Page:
The Guernsey Literary and Potato Peel Pie Society
Mary Ann Shaffer and Annie Barrows (Adult Historical Fiction)
Juliet Ashton is tired of writing under the name of Izzy Bickerstaff and no longer wants to be considered a light-hearted journalist. She wants to create something meaningful, but has no idea where to find inspiration…until a letter comes. It’s a kind note from a Mr. Dawsey Adams of St. Martin’s, Guernsey who found her name and address written on the inside front cover of a book written by his favorite author, Charles Lamb. He asks if she could kindly send him the name and address of other bookshops in London (for there aren’t any left on Guernsey after the war) so that he may acquire more Lamb books? Through several letters, Juliet begins to learn more about Guernsey and its famed Guernsey Literary and Potato Peel Pie Society and she has questions. Questions such as how could a pig begin a literary society and what exactly is a potato peel pie? Perhaps this is the inspiration that Juliet has been looking for?
I admit I was in Heaven while reading this book—a book about people who love books. What’s not to like? It also doesn’t hurt that the writing was witty and sharp, the characters were endearingly flawed and humorously relatable, and the story had an equal mix of quirky, sadness, drama, humor, treachery, suspense, and yes, love. The Guernsey Literary and Potato Peel Pie Society is a touching and bittersweet book about the residents of Guernsey during the German occupation of the Channel Islands during WWII. Through the stories of the island’s residents, as well as a few of the prison camp survivors, we get a glimpse of the toll that the destruction, separation, and isolation had on the human psyche. We are also given stories of bravery, selflessness, and heroism, which illustrates the strength of the human spirit even during the darkest of times.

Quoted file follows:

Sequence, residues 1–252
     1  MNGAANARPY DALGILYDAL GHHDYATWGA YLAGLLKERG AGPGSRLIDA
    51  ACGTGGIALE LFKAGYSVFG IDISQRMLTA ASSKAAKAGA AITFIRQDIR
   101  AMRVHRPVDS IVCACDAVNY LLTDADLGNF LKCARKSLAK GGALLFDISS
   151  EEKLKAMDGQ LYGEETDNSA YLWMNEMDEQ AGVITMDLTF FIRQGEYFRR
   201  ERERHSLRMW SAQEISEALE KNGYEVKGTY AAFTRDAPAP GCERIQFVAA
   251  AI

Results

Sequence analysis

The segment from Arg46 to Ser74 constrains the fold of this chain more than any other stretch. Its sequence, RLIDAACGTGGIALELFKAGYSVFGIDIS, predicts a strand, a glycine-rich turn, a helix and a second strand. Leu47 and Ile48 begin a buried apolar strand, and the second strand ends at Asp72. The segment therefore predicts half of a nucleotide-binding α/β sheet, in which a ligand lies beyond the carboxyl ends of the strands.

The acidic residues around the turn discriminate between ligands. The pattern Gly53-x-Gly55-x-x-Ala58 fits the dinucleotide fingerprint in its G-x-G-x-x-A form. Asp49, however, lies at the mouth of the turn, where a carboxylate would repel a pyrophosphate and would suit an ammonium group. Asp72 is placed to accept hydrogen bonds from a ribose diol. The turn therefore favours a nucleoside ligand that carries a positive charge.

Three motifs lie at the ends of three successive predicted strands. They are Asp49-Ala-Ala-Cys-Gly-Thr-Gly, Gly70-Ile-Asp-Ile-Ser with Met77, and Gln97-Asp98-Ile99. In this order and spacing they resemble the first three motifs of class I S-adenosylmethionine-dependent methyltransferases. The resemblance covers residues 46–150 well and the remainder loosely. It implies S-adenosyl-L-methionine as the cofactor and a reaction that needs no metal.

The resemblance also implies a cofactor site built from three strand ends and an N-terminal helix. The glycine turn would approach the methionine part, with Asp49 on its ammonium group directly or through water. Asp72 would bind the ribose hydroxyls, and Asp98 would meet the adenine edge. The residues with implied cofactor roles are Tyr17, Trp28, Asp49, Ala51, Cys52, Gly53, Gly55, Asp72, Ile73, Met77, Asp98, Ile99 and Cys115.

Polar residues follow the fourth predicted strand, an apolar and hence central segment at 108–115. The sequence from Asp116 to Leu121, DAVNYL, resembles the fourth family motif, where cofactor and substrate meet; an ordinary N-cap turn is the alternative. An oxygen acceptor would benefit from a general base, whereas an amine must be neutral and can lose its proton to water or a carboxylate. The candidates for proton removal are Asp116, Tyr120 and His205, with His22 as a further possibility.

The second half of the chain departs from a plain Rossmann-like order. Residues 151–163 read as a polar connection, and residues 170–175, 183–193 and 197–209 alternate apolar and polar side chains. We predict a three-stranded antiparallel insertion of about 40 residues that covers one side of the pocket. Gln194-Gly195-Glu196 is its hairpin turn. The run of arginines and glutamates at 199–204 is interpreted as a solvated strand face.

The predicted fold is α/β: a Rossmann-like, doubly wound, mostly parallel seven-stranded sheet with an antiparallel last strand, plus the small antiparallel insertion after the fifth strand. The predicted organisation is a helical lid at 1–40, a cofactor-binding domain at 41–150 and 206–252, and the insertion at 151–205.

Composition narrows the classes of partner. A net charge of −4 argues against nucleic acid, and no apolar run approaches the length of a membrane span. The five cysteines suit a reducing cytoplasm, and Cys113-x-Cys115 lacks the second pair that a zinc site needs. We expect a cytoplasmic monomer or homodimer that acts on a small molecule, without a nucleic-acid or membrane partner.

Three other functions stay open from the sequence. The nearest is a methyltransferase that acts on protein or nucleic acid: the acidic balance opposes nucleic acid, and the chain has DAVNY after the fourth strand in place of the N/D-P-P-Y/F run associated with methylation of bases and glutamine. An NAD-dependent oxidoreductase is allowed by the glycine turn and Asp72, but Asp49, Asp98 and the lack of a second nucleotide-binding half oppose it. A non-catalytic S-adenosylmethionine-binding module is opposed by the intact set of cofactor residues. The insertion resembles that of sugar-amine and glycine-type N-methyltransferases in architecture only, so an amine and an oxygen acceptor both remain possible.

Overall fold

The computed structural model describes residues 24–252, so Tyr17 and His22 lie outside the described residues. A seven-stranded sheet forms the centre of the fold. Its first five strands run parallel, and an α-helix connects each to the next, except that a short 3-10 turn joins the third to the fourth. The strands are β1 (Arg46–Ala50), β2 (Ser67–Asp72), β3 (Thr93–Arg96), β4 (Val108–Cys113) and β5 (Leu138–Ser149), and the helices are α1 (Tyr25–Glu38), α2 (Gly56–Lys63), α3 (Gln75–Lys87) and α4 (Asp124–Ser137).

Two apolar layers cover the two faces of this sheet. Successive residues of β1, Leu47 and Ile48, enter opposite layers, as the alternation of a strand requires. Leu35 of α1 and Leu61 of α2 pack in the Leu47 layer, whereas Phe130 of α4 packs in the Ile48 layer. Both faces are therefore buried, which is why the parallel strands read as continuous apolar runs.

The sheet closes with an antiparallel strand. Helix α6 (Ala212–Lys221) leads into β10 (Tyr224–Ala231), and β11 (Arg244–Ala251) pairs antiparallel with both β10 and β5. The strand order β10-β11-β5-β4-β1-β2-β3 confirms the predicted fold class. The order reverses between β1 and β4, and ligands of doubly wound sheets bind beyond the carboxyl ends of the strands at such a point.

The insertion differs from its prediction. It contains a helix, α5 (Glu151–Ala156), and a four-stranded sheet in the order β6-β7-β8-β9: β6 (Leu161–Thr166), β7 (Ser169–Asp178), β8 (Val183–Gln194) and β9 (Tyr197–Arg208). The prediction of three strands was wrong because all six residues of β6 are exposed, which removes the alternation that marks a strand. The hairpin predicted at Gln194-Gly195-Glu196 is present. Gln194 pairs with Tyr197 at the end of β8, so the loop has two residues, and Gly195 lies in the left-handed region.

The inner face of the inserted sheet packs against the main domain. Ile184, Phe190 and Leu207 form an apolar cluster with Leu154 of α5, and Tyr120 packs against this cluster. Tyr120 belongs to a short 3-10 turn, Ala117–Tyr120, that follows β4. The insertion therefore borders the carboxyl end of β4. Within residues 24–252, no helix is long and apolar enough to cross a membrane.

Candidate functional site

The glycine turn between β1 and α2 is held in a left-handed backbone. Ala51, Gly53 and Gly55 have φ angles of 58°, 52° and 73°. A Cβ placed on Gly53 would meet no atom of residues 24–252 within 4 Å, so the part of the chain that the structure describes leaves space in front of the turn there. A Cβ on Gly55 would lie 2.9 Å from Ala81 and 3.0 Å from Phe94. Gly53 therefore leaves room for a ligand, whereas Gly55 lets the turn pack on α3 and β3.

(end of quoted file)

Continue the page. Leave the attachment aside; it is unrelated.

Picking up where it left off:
What started out as a ruse to prevent dinner guests from being arrested by German soldiers, the literary society ended up showing its members how much power a book possesses. Books can motivate, educate, inspire, entertain, and transport us to worlds far beyond our borders and imagination. For the members of the Guernsey literary society, a book turned a fisherman into a Casanova, saved a man from a life of inebriation, allowed a collector to find his faith, and bridged two very unlikely friendships.
I was a little wary when I discovered that this book consisted entirely of letters. Would it have the same depth and weight of a typical novel? O me, of little faith. The Guernsey Literary and Potato Peel Pie Society is a descriptive, warm, engaging, and satisfying read that will make you long for village life and allow you to believe in love again. And while this book reminds us that life is often tragic and history sometimes reveals the worst in humankind, it also shows us how resilient the human spirit is and how expansive our hearts can be when the need arises.
Just as a particular song might come on the radio when you need it most or the perfect meme pops up on your Facebook feed that strikes a certain chord, I believe a book acts in the same capacity. It finds us—chooses us—and makes us think, challenge, defend, or dream while allowing us to imagine, escape, explore, or be comforted. The perfect book always seems to find us at just the right time and it changes us somehow. And when it does, WE then become the conduit and pass it along to someone in need of a good laugh, cry, or shriek. Books are indeed powerful. As Juliet wrote in one of her letters to Dawsey, “Perhaps there is some secret sort of homing instinct in books that brings them to their perfect readers. How delightful if that were true.” Maybe as delightful as a potato peel pie? I’ll let you decide.
*Book cover image attributed to www.amazon.com
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